Abstract: TH-PO161

Dyslipidemia and Outcomes in NEPTUNE

Session Information

Category: Glomerular

  • 1005 Clinical Glomerular Disorders

Authors

  • Sethna, Christine B., Cohen Children's Medical Center of NY, New Hyde Park, New York, United States
  • Meyers, Kevin E.C., The Children Hospital of Philadelphia and University of Pennsylvania, Philadelphia, Pennsylvania, United States
  • Brady, Tammy M., Johns Hopkins University , Baltimore, Maryland, United States
  • Gadegbeku, Crystal A., Temple University, Philadelphia, Pennsylvania, United States
  • Srivastava, Tarak, Childrens's Mercy Hospital, Kansas City, Missouri, United States
  • Gibson, Keisha L., University of North Carolina Kidney Center, Chapel Hill, North Carolina, United States
  • Kretzler, Matthias, U.Michigan, Ann Arbor, Michigan, United States
  • Mariani, Laura H., University of Michigan, Ann Arbor, Michigan, United States

Group or Team Name

  • NEPTUNE Cardiovascular Working Group
Background

Patients with nephrotic syndrome (NS) have a pronounced alteration in lipoprotein metabolism. Dyslipidemia is a major risk factor for cardiovascular disease and may be associated with progression of renal disease; however, this has not been well characterized in NS.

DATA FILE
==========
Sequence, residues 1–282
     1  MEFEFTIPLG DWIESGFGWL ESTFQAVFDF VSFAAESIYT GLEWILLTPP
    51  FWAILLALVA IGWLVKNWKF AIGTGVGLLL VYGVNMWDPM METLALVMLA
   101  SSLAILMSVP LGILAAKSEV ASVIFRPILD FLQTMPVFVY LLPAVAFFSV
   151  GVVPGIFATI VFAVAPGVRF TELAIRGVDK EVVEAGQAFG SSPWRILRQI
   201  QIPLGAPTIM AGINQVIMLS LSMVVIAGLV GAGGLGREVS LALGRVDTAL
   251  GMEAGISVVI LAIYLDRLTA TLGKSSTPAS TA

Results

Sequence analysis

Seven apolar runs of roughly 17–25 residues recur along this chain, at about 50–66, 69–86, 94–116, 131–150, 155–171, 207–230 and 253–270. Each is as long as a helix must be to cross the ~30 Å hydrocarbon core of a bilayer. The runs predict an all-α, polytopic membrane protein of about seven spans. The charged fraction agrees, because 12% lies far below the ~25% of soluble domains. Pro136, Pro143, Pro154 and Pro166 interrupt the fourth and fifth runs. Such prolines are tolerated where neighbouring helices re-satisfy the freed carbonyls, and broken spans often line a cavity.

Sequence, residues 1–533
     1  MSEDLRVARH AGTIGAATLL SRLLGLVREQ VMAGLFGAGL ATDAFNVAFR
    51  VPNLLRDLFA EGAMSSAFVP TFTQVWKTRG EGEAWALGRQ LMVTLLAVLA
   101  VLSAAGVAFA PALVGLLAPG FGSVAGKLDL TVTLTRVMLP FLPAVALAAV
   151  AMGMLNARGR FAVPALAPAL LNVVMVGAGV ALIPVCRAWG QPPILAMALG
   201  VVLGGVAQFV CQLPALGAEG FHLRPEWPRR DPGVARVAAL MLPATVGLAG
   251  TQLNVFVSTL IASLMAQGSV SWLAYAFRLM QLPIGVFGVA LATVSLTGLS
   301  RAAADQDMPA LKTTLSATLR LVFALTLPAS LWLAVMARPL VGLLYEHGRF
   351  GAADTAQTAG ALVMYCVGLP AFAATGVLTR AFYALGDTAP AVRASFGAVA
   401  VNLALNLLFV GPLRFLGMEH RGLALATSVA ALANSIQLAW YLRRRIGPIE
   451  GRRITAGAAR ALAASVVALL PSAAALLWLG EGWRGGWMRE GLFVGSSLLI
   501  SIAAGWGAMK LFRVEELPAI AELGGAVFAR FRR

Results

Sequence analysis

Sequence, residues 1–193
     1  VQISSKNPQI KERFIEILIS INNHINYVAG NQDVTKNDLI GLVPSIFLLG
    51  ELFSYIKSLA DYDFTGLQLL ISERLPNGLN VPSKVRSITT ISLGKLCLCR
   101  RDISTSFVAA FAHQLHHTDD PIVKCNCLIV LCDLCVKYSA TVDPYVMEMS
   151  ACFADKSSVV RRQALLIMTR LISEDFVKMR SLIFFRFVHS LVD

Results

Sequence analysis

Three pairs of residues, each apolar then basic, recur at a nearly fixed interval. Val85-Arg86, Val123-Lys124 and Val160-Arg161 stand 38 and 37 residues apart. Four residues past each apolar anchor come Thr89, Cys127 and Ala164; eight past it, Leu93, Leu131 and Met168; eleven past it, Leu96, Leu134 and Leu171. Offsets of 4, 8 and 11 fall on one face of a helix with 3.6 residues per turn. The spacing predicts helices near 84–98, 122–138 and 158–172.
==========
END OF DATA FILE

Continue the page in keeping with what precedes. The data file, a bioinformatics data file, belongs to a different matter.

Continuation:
Methods

Baseline lipid studies from the Nephrotic Syndrome Study Network (NEPTUNE) were collected. Dyslipidemia was defined as total cholesterol ≥200 mg/dL, HDL <40 mg/dL, LDL ≥130 mg/dL or triglycerides ≥100 mg/dL (0-9 yr), ≥130 mg/dL (10-17 yr), ≥50 mg/dL (≥18 yr). Cox regression adjusted for age, sex, race, disease, disease duration, baseline eGFR and urine protein:creatinine [UPC] examined the association of lipids (per 10 unit increase) with the Composite Outcome (End Stage Renal Disease or eGFR decline by ≥40%) and first Complete Remission (UPC <0.3).

Results

271 adults (45.4±16.1 yr, 62% M) and 123 children (10.2±4.8 yr, 59% M) were evaluated. At baseline, 85% of participants had dyslipidemia (table). In the overall group, lower HDL and greater triglycerides were associated with increased hazard of the composite outcome (HR 0.91, 95%CI 0.83-0.98, p=0.02 and HR 1.02, 95%CI 1.001-1.03, p=0.001, respectively). Greater HDL (HR 1.05, 95%CI 1.001-1.1, p=0.045) was associated with increased hazard of Complete Remission. Similar relationships were found in adults for Composite Outcome (HDL: HR 0.88, 95%CI 0.79-0.98, p=0.03; triglycerides: HR 1.01, 95%CI 1.001-1.03, p=0.04) and Complete Remission (HDL: HR 1.1, 95%CI 1.03-1.18, p=0.006). In children, greater triglycerides (HR 1.05, 95%CI 1.02-1.08, p=0.001) were associated with increased hazard of the Composite Endpoint. Lipids were not associated with Complete Remission.

Conclusion

In NEPTUNE, dyslipidemia is common and is an independent predictor of renal outcomes.

Funding

  • NIDDK Support